Is South Africa Squandering Mandela's Legacy? Part One

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Global Trade, Macroeconomics

In the UK, one often assumes South Africa is as much a part of the west as Australia, New Zealand and possibly even Canada. An English speaking, resource rich country, firmly entrenched in democratic principals and as good a place to do business as any of those alternatives. Although firmly anchored to Africa, we assume its greater GDP, rule of law and multicultural political and business environment makes it Ëœnot of that continent’. In some ways Nelson Mandela’s decade has achieved so much that we can be excused for making those assumptions. From being the pariah of the international community in the 1980’s the country has become a beacon of hope for what much of the rest of Africa could become. Although he became president in 1994 and retired in 1999, Mandela’s influence remained strong well into the middle of the last decade driving compromise between the strongly socialist African National Congress ANC party of which he had been a leading part since the early Ëœ50’s and the business and economic necessities of a modern open economy. But it should not be forgotten that the ANC is a left wing political movement and rules in a tripartite alliance with the Congress of South African Trade Unions and the South African Communist Party. It could be argued such an alliance is culturally a polar opposite to free market economics yet they have achieved a surprising level of success in the last ten years. As Mandela’s influence has waned and the commendable drive to develop economic progress for the black majority has been given free reign, the opportunity for corruption and cronyism has been immense. It is to South Africa’s credit, aided by its free press and strong legal system, that it does not resemble some of its less attractive neighbors, but that is not to say we should assume all is well.

That free press has come under such pressure of late that according to a FT article, 37 editors of local publications (including Business Day and the Financial Mail, which are partly owned by the Financial Times) have felt the need to issue a joint statement against two pieces of legislation. The first is a proposal, currently being considered by the ruling ANC, to set up a Media Appeals Tribunal, accountable to parliament and with the power to judge complaints against the print media. The ANC complains that “fractions of the media continue to adopt an anti-transformation, anti-development and anti-ANC stance and that the print media’s dominant outlook is one of “neo-liberalism, a weak and passive state and over-emphasis on individual rights, market fundamentalism, etc. Well sorry but shouldn’t the press stand up for individual rights over the state? The second is a freedom of information act that would allow ministers to claim almost anything is a state secret and make release neigh on impossible for investigative journalists worse release of details considered to be secret would result in 3-15 years in jail whereas withholding information by ministers would be punishable by a fine or only up to 3 years in jail. The press has been at the forefront of reporting the kind of corruption in both government and business that has proved such a block to economic development in other parts of Africa.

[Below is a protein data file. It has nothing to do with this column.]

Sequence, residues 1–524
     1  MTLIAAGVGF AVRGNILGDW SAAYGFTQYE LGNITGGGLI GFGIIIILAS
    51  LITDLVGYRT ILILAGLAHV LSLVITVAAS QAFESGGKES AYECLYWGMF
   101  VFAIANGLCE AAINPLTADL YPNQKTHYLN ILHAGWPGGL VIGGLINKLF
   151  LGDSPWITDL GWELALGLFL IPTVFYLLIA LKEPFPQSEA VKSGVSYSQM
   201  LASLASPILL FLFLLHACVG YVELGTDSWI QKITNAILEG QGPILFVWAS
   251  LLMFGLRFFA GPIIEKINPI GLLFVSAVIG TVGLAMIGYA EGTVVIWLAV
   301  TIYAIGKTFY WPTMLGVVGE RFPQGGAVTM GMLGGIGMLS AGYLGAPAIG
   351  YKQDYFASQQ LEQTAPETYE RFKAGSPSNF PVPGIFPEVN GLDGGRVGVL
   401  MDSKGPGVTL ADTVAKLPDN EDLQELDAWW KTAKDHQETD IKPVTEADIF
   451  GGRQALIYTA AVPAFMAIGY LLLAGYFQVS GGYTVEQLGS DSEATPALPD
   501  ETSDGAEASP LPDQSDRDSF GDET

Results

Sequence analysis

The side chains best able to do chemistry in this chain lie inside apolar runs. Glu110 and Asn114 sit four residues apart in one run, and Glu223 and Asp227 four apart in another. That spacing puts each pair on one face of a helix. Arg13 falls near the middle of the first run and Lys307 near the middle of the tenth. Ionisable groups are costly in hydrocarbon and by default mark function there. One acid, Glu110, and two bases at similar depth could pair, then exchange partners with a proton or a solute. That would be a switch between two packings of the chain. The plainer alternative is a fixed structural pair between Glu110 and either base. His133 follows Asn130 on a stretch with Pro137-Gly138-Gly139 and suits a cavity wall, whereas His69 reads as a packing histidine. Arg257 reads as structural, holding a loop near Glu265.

Coming on top of oppression of the media two recent incidents in the mining and metals sector have given rise to such profound alarm that the government has felt the need to review laws and reverse ministerial decisions to calm foreign investors fears. A Financial Times article recently quoted Charles Kernot, a London-based mining analyst at Evolution Securities as saying “I think investors should be cautious there are a lot of issues facing mining companies to do with meeting black economic empowerment (BEE) requirements and more people are calling for nationalization [of mines], he said. “It increases uncertainty, especially abroad. The calls for nationalization are coming from the ANC’s youth league among others. As important backers of President Zuma’s election campaign last year they have some clout.

We will continue this story in a follow-up post later this afternoon.

–Stuart Burns

Comment (1)

  1. Rod says:

    Sir: Your first sentence makes no sense. Your definition of the “west” is curious. Australia, NZ are former colonies, English speaking and sharing many cultural traits with the UK. Do you infer that Canada does not?
    Having just spent 3 weeks in the UK I can definitely say that Canada does not hold the same romantic affection in a Brit’s heart that, for example, Australia does but this is neither wrong nor exceptional.
    Canada is like the big brother trying to do the right thing, while Australia is the brash little bro who likes to muck about.

    To the rest of your article, I think the RSA needs to politically evolve away from the one party state that it currently is. This will be difficult but that brave country has faced the abyss once, did the right thing so I hope the future is bright.

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